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Publication numberUS7540779 B2
Publication typeGrant
Application numberUS 12/051,232
Publication dateJun 2, 2009
Filing dateMar 19, 2008
Priority dateMar 23, 2007
Fee statusPaid
Also published asUS20090004918, WO2008118342A1
Publication number051232, 12051232, US 7540779 B2, US 7540779B2, US-B2-7540779, US7540779 B2, US7540779B2
InventorsAdrian Papanide, Frederick W. Hauer, Leon A. Newman, Thomas V. Hennessey, Jr., Christian J. Shackleton, Joel Fontanella, Gongxue Hua
Original AssigneeCoherent, Inc.
Export CitationBiBTeX, EndNote, RefMan
External Links: USPTO, USPTO Assignment, Espacenet
RF shielded, series inductor, high RF power impedance matching interconnector for CO2 slab laser
US 7540779 B2
Abstract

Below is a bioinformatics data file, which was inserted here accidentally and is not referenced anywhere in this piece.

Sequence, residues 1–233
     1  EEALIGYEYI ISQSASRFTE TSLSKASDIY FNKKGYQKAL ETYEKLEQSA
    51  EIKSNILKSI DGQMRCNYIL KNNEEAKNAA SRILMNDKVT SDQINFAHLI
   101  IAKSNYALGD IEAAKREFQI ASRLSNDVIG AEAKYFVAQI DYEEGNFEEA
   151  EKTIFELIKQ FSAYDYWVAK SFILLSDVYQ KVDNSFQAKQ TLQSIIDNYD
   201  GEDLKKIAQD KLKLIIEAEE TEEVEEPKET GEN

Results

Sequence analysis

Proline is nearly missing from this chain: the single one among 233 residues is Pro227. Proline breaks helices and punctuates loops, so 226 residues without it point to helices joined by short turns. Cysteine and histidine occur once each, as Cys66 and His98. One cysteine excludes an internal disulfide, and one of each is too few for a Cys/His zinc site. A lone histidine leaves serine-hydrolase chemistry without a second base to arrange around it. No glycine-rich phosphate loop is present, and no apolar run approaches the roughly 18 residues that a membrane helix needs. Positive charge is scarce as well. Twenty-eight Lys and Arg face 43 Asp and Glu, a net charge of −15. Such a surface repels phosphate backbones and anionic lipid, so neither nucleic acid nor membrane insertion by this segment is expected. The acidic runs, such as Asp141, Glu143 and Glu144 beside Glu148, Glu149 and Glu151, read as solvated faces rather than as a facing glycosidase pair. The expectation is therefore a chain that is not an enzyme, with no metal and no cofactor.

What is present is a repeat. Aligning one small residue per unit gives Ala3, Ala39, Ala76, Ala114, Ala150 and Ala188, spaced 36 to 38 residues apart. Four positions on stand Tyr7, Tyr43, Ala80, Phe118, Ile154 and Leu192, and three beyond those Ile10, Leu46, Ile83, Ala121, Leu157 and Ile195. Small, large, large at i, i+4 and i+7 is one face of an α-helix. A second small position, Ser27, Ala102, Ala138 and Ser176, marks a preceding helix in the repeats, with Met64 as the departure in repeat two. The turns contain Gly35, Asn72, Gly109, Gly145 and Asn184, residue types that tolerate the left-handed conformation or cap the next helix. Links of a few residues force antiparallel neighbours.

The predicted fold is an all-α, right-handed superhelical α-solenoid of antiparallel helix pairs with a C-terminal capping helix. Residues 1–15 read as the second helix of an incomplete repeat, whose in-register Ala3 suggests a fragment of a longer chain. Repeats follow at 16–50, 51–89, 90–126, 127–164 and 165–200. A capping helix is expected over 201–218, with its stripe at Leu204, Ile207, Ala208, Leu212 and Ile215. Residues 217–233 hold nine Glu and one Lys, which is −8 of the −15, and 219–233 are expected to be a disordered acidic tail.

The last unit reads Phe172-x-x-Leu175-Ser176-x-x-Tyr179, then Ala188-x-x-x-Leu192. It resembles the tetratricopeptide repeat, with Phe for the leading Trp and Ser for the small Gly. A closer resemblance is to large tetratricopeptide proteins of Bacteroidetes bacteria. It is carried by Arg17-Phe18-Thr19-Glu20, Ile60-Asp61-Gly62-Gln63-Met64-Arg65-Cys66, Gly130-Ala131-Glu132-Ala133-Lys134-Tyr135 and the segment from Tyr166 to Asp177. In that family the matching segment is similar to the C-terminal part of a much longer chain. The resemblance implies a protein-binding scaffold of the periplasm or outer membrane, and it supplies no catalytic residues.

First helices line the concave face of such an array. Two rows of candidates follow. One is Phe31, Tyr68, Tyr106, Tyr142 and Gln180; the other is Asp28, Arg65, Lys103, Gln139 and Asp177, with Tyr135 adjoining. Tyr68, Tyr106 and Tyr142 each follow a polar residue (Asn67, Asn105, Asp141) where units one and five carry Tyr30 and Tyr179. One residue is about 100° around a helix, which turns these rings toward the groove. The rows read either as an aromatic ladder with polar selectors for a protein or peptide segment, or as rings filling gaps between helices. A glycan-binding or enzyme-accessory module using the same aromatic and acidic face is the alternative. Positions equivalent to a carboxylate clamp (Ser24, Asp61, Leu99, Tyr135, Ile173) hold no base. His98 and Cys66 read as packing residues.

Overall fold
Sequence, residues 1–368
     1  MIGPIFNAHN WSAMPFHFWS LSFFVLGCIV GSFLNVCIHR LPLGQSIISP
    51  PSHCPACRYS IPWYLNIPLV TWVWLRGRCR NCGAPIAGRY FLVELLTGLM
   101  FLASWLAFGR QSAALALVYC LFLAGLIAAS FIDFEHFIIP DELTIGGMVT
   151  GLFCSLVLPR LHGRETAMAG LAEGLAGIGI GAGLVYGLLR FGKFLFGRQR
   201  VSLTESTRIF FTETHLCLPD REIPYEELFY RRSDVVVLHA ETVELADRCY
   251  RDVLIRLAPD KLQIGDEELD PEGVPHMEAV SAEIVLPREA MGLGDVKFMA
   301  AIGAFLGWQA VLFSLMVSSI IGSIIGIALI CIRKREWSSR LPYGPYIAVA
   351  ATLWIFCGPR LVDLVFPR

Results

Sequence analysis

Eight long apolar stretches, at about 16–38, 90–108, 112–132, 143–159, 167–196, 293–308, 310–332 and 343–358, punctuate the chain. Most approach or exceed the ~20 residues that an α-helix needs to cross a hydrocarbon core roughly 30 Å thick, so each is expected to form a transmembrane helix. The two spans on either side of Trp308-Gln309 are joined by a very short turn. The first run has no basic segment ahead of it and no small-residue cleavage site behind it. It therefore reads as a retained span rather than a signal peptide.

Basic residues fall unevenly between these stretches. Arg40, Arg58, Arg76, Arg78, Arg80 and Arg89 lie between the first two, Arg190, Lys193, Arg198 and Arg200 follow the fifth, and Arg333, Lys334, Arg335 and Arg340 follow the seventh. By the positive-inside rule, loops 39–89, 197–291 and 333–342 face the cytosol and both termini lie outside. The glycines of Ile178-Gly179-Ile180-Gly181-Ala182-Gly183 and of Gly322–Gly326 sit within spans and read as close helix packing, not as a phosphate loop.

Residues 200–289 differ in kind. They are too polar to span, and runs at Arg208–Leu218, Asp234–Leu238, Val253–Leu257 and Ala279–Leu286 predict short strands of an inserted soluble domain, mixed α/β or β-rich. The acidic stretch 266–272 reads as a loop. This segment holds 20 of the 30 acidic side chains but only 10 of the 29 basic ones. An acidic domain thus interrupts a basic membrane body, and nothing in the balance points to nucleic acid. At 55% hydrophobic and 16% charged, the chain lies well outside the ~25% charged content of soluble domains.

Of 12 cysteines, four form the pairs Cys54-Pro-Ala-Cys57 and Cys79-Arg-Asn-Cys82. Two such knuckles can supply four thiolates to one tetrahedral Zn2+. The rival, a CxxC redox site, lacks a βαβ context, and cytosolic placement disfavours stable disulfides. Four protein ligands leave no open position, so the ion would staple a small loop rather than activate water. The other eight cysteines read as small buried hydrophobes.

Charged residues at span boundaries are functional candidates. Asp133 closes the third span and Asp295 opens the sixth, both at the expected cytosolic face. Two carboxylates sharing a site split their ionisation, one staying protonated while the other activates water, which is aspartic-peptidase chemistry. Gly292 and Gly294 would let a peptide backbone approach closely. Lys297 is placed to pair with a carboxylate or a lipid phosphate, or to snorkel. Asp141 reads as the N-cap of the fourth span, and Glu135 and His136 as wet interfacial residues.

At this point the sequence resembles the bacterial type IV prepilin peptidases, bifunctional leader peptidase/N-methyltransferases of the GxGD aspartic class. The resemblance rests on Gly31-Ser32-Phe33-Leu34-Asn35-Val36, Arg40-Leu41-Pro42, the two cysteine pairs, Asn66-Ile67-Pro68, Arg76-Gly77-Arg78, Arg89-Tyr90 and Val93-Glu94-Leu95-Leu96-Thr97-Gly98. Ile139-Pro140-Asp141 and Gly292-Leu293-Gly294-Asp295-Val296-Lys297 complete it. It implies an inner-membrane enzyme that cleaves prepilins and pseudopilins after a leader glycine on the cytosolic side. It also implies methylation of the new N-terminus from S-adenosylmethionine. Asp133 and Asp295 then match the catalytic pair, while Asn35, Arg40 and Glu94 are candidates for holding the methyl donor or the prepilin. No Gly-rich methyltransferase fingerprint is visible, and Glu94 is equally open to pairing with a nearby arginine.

A RF shielded, series inductor, high power impedance matching network interconnector is provided for connecting an RF power supply to electrodes contained in the shielded, hermetically sealed laser tube housing of a slab laser system. The impedance matching interconnector comprises a short length of co-axial conductor and an impedance matching network that includes two L shaped networks. The inner conductor of the co-axial conductor is connected between the power supply output and the impedance matching network. The outer conductor of the co-axial conductor is grounded. The co-axial conductor has an impedance characteristic to match the power supply output impedance. The first L-shaped network includes a first inductor having a first end connected to the inner conductor of the co-axial conductor and a first capacitor connected to the second end of the first inductor and a second plate connected to ground. The second L shaped network includes a second inductor having a first end connected to the common connection between the second end of the first inductor and the first plate of the first capacitor and a second capacitor having a first plate connected to the second end of the second inductor and a second plate connected to ground. The common connection between the second end of the second inductor and the first plate of the second capacitor is connected through the shielded, hermetically sealed laser tube housing to the electrodes of the slab laser system. The two L-shaped networks may be implemented in a “single capacitor” configuration for lower power applications or in a “multi-capacitor” configuration for higher power applications.